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The Pandemic Dress Code

By JOHN LEGASPI

featured image retail ppe

It’s almost a post-apocalyptic movie scene coming to life. Personal protective equipment (PPE) such as hazmat suits, face shields, and face masks are the newest it-items to have. Forget about skin-baring summer tees or linen trousers this time around. What can help you protect yourself from the coronavirus threat is the best thing to wear right now.

As the country’s major cities are now under general community quarantine, Filipinos are now braving the outside world to continue their lives even if the number of Covid-19 cases continues to rise. The saying “matira ang matibay” becomes all too real during these times.

To help boost the country’s economy, Department of Trade and Industry Secretary Ramon Lopez says that the government is bringing back the “buy local” campaign amid a different business environment, which is due to the coronavirus pandemic.

The campaign aims to promote products and services of domestic enterprises to help them recover from losses during the lockdown of the past months.

“We will revive the ‘buy local’ campaign to stimulate buying Filipino products. It’s a big help to Filipino entrepreneurs,” says Secretary Lopez.

He also mentioned the shifts done by some industries on manufacturing products that are essential to combat the pandemic. For the fashion industry, it involves the use of microfiber fabrics, and the injection of functional design into the latest style staple.

Months ago, the industry worked together on creating PPE for medical frontliners. Now, they are reimagining the protective suits to help the industry to get back on its feet. Check out how these local brands and designers build new uniforms that demonstrate the new way of outside dressing while keeping the wearer safe from the coronavirus threat.

Bayo Clothing

After the brand’s partnership with the Department of Science and Technology-Philippine Textile Research Institute, Bayo Clothing launched #WEAReTheNewBasicCollection, producing tailored dress coats made of water-repellent fabric, with bias bindings and detachable hood.

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Photo from @bayoclothing

Plains and Prints

The brand’s Essential collection provides light cover ups in navy, maroon, and olive. Not only does the collection keep everyone stylish, it empowers customers, because 20 percent goes to production of PPEs for medical workers.

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Photo from @plainsandprints

Kamiseta

Kamiseta’s Daily Wear Fashion PPE collection comes in a variety of styles—zip-up, wrap dress, jacket, and trousers—in different shades from classic neutrals to bright reds and pinks.

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Photo from @kamisetaph

Kaayo Modern Mindanao

Bringing the Mindanaoan spirit is Kaayo’s Migs hand-beaded jumpsuit. The jumpsuit features the Tboli tribe’s signature geometric design, and is made of liquid-proof fabric. The brand’s collaboration project with ICA batch 1998 aims to help out frontliner—for every purchase, three PPEs are donated to hospitals.

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Photo from @kaayo.ph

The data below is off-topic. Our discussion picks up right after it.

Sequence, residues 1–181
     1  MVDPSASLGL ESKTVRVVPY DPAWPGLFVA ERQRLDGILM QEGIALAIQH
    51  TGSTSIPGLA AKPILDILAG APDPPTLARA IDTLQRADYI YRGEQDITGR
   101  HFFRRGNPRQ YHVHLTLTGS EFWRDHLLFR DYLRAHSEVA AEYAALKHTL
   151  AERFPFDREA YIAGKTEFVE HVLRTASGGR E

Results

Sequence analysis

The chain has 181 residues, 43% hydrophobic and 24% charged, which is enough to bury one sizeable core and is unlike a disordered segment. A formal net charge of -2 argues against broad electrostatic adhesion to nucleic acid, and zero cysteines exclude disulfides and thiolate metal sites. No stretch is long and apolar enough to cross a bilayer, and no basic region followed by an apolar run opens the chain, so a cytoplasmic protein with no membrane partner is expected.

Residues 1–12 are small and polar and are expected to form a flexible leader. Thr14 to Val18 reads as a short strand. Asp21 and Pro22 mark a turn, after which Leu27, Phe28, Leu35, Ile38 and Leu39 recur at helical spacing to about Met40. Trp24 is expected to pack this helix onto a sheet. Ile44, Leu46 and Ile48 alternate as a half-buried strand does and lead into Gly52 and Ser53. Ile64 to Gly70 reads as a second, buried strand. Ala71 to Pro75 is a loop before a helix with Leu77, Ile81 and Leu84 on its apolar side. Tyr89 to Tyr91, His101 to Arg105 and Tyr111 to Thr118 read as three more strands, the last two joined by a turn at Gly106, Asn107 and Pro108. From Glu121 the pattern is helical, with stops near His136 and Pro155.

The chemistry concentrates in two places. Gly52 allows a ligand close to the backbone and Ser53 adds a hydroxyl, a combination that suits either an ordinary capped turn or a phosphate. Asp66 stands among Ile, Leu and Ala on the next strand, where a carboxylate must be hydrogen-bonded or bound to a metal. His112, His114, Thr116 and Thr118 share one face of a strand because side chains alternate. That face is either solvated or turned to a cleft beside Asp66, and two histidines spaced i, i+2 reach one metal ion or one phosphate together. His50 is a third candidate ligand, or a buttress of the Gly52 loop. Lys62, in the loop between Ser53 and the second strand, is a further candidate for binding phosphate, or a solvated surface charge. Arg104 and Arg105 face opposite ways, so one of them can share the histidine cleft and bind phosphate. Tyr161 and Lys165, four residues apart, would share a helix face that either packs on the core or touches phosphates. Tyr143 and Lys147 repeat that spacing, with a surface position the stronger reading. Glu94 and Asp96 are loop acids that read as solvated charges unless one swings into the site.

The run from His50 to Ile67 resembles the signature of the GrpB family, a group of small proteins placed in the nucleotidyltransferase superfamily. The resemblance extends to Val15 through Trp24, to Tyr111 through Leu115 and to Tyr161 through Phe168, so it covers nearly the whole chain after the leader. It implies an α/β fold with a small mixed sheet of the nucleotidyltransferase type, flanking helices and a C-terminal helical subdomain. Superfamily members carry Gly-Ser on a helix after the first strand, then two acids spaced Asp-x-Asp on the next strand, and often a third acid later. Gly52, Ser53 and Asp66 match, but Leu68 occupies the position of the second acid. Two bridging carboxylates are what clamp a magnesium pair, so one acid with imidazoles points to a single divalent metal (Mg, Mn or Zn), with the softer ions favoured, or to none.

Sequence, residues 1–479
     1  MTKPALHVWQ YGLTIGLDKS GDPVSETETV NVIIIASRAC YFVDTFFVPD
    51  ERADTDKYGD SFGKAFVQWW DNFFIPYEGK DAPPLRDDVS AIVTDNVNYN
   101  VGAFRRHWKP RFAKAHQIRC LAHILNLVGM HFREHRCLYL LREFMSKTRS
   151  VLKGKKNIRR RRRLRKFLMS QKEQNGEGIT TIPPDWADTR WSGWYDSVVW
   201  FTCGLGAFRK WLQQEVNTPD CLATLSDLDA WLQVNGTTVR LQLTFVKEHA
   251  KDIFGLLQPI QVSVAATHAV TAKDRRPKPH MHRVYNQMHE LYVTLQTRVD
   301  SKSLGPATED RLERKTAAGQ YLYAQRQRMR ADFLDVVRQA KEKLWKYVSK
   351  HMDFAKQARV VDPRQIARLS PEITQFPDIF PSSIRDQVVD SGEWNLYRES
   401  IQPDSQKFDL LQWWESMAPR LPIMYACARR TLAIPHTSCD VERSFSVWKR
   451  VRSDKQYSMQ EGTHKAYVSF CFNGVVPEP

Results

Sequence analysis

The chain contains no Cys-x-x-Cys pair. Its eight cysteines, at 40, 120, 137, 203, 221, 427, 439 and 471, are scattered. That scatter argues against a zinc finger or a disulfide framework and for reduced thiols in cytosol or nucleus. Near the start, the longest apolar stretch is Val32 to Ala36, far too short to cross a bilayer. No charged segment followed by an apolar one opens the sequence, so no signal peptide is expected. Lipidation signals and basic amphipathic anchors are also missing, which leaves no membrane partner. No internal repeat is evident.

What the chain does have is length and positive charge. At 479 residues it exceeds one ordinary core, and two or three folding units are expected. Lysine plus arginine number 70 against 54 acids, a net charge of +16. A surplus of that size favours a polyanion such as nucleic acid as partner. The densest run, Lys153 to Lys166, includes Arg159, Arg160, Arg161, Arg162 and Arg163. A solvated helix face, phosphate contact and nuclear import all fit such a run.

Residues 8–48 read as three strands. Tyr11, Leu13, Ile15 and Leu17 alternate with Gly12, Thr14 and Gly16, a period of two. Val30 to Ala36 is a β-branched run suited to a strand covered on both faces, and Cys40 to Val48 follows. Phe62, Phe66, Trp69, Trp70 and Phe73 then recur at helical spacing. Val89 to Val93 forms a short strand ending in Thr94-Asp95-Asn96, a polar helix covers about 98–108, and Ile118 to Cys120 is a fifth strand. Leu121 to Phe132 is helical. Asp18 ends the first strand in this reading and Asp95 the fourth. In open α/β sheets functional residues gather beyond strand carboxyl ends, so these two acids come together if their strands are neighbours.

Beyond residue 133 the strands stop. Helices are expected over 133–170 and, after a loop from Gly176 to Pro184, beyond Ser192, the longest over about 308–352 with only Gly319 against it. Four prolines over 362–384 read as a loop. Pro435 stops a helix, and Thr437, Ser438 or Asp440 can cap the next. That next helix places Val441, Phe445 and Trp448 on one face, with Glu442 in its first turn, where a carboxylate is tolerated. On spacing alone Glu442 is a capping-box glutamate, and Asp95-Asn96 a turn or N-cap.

Atelier Debbie Co

Fashion designer Debbie Co come up with a line of classy protective outerwear in nuetral shades. For a splash of joy, opt her yellow hooded jacket.

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Photo from @atelierdebbieco

Newniform.ph

Newniform.ph produces everyday PPE made by designers such as Yong Davalos and Jill Lao. The unisex suit is priced at P650 and comes in lilac, gray, army green, and blush.

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Photo from @newniform.ph

Rajo Laurel

Channeling a trench coat style, the House of Laurel crafts safety double-breasted jackets with a belt to cinch the waist. Rajo Laurel‘s jackets are available in white, black, navy, and burgundy.

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Photo from @houseoflaurel

Vania Romoff

Giving a delicate aspect to the protective suit is fashion designer Vania Romoff. Her outerwear set is made of taffeta and microfiber fabric. Its champagne and blush hues, and ruffled cuffs give the PPE a vintage feminine vibe.

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Photo from @vaniaromoff

Mark Bumgarner

There is something for everyone in Mark Bumgarner‘s The Armor Project. The designer’s Mamba and Rockett sets are a mix of utilitarian aesthetic and sportswear, while his Memphis set has a dainty touch with its pastel and floral print.

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Photo from @markbumgarner

Rosenthal Tee

Rosenthal Tees Ninja PPE is a medically approved suit, and has the right amount of edginess. Made of breathable microfiber fabric, the suit comes with a hood and an extended garterized turtleneck that doubles as a face mask.

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Photo from @rosenthaltee

Michael Leyva

Ethereal and ladylike are Michael Leyva‘s anti-Covid-19 garments. The designer played with volume, be it on skirts and sleeves, and tamed it with streamlined details such as obi-like bows and clean bias cuts.

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Photo from @michaelleyva_

Madelaine Ongpauco Barlao
Madelaine Ongpauco Barlao brings out the fun in PPE by mixing microfiber printed fabric with other materials such as neoprene to make the perfect PPE dress. Her creations are patchwork bombers with snakeskin print, jumpsuits with belt pouch, and dresses with sea creature themes, floral prints, and hoods.

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Photo from @madelaineongpaucobarlao


Source: Manila Bulletin (https://lifestyle.mb.com.ph/2020/06/03/the-pandemic-dress-code/)

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